Responding to last week's item about the new full-text
   book search at, Ed Sible reports:
   "Three fully searchable numismatic books in Amazon's new
   program are:

   Handbook of Ancient Greek and Roman Coins (Klawans),

   Ancient History from Coins (Howgego),

   Coin Collecting For Dummies (Guth),"

   The December 2003 issue of Wired magazine will feature an
   article titled "The Great Library of Amazonia" by Gary Wolf.
   The article has been posted online, and I've extracted a few
   sections of note to researchers.

   "The fondest dream of the information age is to create an
   archive of all knowledge. You might call it the Alexandrian
   fantasy, after the great library founded by Ptolemy I in 286 BC.
   Through centuries of aggressive acquisition, the librarians of
   Alexandria, Egypt, collected hundreds of thousands of texts.
   None survives. During a final wave of destruction, in AD 641,
   invaders fed the bound volumes and papyrus scrolls into the
   furnaces of the public baths, where they are said to have
   burned for six months. "The lesson," says Brewster Kahle,
   founder of the Internet Archive, "is to keep more than one

   "Books are an ancient and proven medium. Their physical
   form inspires passion. But their very physicality makes books
   inaccessible to the multi-terabyte databases of modern
   Alexandrian projects.  Books take time to transport. Their
   text vanishes and their pages yellow in a rash of foxing. Most
   important, it's still shockingly difficult to find information
   buried in books. Even as the Internet has revived hope of a
   universal library and Google seems to promise an answer to
   every query, books have remained a dark region in the
   universe of information. We want books to be as accessible
   and searchable as the Web.  On the other hand, we still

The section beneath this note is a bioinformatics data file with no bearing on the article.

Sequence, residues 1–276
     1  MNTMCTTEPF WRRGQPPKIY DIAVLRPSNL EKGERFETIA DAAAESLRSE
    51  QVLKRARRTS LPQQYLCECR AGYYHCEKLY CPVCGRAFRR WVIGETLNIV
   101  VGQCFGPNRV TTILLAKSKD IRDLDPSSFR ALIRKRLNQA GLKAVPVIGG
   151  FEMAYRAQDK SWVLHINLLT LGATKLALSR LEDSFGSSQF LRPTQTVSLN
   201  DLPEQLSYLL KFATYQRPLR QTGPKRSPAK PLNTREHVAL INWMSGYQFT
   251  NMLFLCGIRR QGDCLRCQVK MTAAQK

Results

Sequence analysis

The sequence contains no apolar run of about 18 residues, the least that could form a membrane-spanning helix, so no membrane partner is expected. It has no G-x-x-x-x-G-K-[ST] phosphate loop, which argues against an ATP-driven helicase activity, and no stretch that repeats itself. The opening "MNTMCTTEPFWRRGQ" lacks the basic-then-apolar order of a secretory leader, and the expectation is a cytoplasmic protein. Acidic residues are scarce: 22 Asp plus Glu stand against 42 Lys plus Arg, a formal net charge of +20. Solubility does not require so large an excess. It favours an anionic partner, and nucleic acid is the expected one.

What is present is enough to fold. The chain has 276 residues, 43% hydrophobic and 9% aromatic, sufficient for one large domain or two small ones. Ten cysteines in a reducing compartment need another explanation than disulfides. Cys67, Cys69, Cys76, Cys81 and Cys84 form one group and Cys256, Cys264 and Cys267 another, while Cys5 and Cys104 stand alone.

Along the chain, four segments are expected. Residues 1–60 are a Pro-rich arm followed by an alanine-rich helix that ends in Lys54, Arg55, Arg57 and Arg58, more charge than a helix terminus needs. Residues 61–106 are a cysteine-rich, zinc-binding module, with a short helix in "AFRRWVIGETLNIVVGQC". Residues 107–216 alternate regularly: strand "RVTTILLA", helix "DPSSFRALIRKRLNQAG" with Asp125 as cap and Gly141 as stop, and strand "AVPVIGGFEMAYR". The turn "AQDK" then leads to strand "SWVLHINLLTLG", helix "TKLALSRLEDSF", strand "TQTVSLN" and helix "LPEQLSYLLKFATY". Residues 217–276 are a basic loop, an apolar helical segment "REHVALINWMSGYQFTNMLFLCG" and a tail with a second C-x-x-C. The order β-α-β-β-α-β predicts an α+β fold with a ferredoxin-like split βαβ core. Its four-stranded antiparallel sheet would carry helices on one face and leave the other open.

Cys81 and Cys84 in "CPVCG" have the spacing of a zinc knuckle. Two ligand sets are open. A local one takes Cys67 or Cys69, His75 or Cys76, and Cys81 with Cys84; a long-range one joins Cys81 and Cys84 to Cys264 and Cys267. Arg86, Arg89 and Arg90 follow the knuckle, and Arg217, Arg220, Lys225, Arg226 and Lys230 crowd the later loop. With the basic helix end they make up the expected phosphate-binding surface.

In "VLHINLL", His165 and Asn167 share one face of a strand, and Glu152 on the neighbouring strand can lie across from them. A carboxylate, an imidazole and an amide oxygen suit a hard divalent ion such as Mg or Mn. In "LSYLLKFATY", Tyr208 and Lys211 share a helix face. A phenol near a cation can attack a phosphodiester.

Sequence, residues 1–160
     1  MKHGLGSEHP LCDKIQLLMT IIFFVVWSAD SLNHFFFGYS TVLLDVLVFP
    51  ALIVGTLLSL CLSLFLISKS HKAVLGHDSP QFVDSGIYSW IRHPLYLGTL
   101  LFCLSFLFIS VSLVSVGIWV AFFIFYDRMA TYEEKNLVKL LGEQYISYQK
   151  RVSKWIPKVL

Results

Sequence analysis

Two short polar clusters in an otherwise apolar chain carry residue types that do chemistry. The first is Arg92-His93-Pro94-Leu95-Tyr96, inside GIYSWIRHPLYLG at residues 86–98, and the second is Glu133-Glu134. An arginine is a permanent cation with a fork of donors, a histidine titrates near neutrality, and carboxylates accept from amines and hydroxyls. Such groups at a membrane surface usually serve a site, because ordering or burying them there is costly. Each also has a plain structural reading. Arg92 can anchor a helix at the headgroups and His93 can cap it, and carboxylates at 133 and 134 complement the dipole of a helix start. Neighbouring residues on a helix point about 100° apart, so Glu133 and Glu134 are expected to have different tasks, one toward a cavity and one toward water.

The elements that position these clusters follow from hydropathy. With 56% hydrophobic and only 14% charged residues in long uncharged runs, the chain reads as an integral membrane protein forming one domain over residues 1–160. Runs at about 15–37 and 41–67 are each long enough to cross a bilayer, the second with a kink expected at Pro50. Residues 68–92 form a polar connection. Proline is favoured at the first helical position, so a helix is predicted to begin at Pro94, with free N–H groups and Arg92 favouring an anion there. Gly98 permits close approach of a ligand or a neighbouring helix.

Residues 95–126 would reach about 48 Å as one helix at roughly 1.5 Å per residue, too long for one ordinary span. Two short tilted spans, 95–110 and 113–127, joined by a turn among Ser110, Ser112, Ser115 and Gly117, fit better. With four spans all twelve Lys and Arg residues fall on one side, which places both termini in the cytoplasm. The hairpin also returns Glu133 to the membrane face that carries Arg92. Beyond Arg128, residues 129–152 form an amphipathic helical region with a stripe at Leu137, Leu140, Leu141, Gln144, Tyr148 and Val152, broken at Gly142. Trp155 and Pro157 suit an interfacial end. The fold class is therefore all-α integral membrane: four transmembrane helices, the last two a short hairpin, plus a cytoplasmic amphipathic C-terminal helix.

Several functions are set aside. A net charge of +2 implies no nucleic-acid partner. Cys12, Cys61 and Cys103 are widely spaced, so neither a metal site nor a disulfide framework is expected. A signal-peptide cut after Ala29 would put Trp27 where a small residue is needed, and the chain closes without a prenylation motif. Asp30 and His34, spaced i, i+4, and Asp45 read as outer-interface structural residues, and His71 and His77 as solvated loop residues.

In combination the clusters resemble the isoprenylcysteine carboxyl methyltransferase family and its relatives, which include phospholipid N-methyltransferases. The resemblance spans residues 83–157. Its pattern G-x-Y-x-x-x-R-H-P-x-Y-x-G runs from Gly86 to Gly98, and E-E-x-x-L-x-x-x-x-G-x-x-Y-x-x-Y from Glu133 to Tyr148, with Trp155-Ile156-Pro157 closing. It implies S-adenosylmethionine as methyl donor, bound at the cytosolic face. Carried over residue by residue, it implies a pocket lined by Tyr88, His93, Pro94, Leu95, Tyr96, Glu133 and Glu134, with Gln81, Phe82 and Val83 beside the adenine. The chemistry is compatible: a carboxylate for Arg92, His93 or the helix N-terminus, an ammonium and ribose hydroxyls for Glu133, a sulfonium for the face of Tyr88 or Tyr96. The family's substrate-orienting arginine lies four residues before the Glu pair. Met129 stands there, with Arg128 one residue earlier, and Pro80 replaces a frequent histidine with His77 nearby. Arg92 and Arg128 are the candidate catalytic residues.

want them to be books."

   "An ingenious attempt to illuminate the dark region of books
   is under way at Over the past spring and
   summer, the company created an unrivaled digital archive
   of more than 120,000 books.  The goal is to quickly add
   most of Amazon's multimillion-title catalog."

   "And yet most books are not on the Net. This means that
   students, among others, are blind to the most important
   artifacts of human knowledge.  For many students, the
   Internet actually contracts the universe of knowledge,
   because it makes the most casual and ephemeral sources
   the most accessible, while ignoring the published books.
   "It's shameful,"

   [One key point the article makes is that the value of the
    feature is in the connections researchers can now among
    a vast array of books on all subjects.  Heretofore unknown
    mentions of numismatic topics could be brought to light.
    For example, a newly-published diary of a Civil War era
    soldier might mention the use of coins and scrip or sutler
    notes.  Such primary accounts are needles in a haystack
    today, but a powerful search tool could enable researchers
    to find them much more easily.

   To read the full article, see:,1367,60948,00.html


   Gawain O'Connor writes: I saw the reference to W.B. Yeats
   and the design of Irish coinage. (Sept. 28, 2003).   If it wasn't
   mentioned, perhaps your readers would like to know that the
   article Designing Of Ireland's Coinage (W. B. Yeats) was
   reprinted in "The Numismatist", Vol.80 1967 April Pg. 411
   and also in The Coinage and Banknotes of Ireland  1928-68
   by Jerome H. Remick, Almanzar's 1967. "


   Gawain O'Connor adds: "On a completely different topic,
   something I recently noticed:   Did you know that Mr. Canada
   is president of the Bank of England?

   The Bank of England, Arkansas, that is!

   Thanks for your great work!"


   This week's featured web page pictures the old and
   new coins of Germany.

  Wayne Homren
  Numismatic Bibliomania Society

  The Numismatic Bibliomania Society is a
  non-profit organization promoting numismatic
  literature.   For more information please see
  our web site at
  There is a membership application available on
  the web site.  To join, print the application and
  return it with your check to the address printed
  on the application. For those without web access,
  write to W. David Perkins, NBS Secretary-Treasurer,
  P.O. Box 212, Mequon, WI  53092-0212.

  For Asylum mailing address changes and other
  membership questions, contact David at this email
  address: wdperki at